The person is a biophysical organism shaped by the environment, but also seeks to create an environment in which human potential can be fully expressed. Because of this, the relationship between person and environment is reciprocal. Individual characteristics and life experiences shape behaviors. The environment is described as the social, cultural, and physical context in which life unfolds. It can be manipulated by the individual to create a positive context of cues and facilitators for health-enhancing behaviors. The role of nursing is a collaboration among patients, families, and communities to create the best conditions for the expression of optimal health and high-level well-being. Health is defined as the actualization of human potential through goal-directed behavior, self-care, and relationships with others with necessary adjustments made to maintain relevant environments. Illnesses are discrete events in the life that can hinder or facilitate the patient’s continuing quest for health.

The model is based on the following assumptions:

  1. People try to create conditions of living through which they can express their unique human potential.
  2. People have the capacity for reflective self-awareness, including assessment of their own competencies.
  3. People value positive growth, and strive to find a balance between stability and change.
  4. People seek to actively regulate their own behavior.
  5. People interact with their environment, transforming it and themselves over time.
  6. Nurses and other health professionals make up a part of the interpersonal environment, which exerts influence on people throughout their lifespan.
  7. Self-initiated reconfiguration of the interactive patterns between people and their environments is necessary for a change in behavior.

The model is based on the following theoretical propositions:

  1. Behavior and characteristics influence beliefs, affect, and enactment of health-promoting behavior.
  2. People commit to engaging in behaviors from which they anticipate deriving personally valued benefits.
  3. Barriers can constrain commitment to action.
  4. Competence to execute a given behavior increases the likelihood of commitment to action and actual performance of the behavior.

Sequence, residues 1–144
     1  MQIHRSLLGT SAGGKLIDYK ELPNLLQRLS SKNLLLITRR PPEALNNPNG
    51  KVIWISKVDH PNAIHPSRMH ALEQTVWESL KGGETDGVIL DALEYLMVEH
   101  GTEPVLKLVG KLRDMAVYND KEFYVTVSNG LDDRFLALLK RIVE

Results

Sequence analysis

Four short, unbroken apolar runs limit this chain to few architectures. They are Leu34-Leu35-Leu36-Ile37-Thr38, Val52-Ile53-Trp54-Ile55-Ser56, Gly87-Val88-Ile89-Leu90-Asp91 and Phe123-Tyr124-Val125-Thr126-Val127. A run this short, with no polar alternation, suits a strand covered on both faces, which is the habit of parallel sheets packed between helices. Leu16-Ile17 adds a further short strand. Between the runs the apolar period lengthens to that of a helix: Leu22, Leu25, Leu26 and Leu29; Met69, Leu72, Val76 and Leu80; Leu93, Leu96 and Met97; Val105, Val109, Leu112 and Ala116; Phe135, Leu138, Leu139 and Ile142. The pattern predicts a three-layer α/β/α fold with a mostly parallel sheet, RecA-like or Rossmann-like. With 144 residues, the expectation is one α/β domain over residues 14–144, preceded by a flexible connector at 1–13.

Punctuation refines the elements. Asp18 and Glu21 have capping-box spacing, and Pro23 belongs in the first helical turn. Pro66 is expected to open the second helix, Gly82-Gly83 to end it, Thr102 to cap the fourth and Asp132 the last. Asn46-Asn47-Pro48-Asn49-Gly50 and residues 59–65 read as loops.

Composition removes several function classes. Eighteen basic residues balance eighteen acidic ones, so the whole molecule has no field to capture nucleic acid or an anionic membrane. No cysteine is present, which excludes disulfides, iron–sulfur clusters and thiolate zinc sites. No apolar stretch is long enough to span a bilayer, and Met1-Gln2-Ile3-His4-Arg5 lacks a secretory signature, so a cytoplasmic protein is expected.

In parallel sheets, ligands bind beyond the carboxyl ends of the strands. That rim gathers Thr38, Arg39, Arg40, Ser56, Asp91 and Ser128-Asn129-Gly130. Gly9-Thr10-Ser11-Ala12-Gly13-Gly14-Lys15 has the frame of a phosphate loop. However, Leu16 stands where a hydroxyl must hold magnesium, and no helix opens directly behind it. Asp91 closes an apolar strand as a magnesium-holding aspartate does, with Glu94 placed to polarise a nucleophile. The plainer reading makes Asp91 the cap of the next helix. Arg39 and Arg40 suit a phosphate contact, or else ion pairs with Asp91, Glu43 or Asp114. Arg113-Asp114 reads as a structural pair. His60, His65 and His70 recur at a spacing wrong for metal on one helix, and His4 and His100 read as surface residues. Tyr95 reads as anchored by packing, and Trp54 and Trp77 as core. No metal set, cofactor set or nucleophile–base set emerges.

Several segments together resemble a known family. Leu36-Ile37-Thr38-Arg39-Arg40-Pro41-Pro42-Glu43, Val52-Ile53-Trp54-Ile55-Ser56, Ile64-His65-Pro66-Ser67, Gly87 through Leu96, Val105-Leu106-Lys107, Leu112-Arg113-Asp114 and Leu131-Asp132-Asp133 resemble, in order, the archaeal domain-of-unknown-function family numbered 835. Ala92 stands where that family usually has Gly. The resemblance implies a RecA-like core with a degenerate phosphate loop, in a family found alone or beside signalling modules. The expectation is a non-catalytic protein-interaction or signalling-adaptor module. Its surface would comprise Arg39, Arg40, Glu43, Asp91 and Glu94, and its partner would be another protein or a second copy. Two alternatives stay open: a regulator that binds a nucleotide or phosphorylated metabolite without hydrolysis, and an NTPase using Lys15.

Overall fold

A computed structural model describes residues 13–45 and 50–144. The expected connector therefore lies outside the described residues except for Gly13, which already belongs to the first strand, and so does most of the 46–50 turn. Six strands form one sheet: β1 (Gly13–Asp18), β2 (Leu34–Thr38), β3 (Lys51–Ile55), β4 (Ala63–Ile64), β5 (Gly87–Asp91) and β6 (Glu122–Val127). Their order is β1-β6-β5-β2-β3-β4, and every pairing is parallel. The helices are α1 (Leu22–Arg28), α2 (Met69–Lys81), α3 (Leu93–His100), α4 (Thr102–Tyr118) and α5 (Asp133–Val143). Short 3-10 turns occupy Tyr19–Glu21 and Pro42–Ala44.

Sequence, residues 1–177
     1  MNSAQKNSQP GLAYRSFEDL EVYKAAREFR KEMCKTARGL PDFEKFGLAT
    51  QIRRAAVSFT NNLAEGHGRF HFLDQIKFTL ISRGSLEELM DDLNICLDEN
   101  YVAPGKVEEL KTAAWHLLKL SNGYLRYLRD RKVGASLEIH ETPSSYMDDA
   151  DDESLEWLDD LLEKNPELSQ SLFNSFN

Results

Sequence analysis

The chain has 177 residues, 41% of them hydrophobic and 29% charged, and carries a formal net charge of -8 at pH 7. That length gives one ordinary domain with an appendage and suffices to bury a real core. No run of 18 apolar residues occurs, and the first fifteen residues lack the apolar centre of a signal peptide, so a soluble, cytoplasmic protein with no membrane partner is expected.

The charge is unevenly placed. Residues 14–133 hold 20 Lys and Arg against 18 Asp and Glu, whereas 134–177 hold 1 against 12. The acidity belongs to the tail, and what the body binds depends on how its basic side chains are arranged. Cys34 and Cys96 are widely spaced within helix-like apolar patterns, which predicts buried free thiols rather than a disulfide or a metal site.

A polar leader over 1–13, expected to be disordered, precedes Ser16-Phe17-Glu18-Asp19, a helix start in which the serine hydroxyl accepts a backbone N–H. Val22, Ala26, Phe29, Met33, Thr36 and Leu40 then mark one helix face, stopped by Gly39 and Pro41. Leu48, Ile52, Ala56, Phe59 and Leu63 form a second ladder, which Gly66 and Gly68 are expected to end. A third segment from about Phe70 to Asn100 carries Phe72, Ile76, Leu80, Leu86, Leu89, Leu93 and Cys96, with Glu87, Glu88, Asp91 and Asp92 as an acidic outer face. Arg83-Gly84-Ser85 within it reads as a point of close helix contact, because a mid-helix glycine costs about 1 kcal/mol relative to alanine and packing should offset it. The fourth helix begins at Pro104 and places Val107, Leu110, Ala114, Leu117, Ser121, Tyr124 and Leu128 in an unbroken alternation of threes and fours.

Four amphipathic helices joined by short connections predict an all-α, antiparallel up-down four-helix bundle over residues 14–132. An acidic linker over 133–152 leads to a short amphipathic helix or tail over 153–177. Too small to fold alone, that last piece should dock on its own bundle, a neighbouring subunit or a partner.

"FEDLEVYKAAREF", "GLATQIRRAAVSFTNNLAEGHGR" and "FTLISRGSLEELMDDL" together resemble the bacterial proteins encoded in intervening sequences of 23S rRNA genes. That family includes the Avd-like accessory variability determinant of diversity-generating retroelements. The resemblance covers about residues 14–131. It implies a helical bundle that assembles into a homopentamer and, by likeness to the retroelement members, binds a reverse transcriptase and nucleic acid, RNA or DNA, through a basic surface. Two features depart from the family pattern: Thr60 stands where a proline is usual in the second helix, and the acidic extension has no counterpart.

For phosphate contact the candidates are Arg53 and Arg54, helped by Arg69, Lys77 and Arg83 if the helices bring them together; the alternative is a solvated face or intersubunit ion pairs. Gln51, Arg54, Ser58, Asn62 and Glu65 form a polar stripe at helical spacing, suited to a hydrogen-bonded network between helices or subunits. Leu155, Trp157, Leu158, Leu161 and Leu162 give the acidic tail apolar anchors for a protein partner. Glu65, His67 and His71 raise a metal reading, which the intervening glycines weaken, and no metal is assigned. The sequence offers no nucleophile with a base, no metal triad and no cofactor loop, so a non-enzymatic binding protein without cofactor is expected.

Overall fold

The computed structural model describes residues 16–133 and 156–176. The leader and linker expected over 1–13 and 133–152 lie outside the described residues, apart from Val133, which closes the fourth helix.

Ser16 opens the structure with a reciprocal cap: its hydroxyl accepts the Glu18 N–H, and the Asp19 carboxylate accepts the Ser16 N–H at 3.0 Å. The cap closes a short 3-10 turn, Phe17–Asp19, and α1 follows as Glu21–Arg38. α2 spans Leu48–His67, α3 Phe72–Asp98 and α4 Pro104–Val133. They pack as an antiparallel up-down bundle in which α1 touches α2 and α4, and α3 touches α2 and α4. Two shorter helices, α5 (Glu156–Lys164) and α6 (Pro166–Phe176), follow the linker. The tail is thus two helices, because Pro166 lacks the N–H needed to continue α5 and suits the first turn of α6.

5. Greater perceived self-efficacy results in fewer barriers to a specific health behavior.
  6. Positive affect toward a behavior results in greater perceived self-efficacy.
  7. When positive emotions are associated with a behavior, the probability of commitment and action is increased.
  8. People are more likely to commit to health-promoting behaviors when others model the behavior, expect it to occur, and provide support to enable it.
  9. Families, peers, and health care providers are important sources of interpersonal influence that can increase or decrease commitment to health-promoting behavior.
  10. Situational influences in the external environment can increase or decrease commitment to or participation in health-promoting behavior.
  11. The greater the commitment to a specific plan of action, the more likely health-promoting behaviors are to be maintained over time.
  12. Commitment to a plan of action is less likely to result in the desired behavior when competing demands over which persons have little control require immediate attention.
  13. Commitment to a plan of action is less likely to result in the desired behavior when other actions are more attractive and thus preferred over the target behavior.
  14. People can modify cognitions, affect, interpersonal influences, and situational influences to create incentives for health-promoting behavior.

For more detailed information: Pender’s Health Promotion Model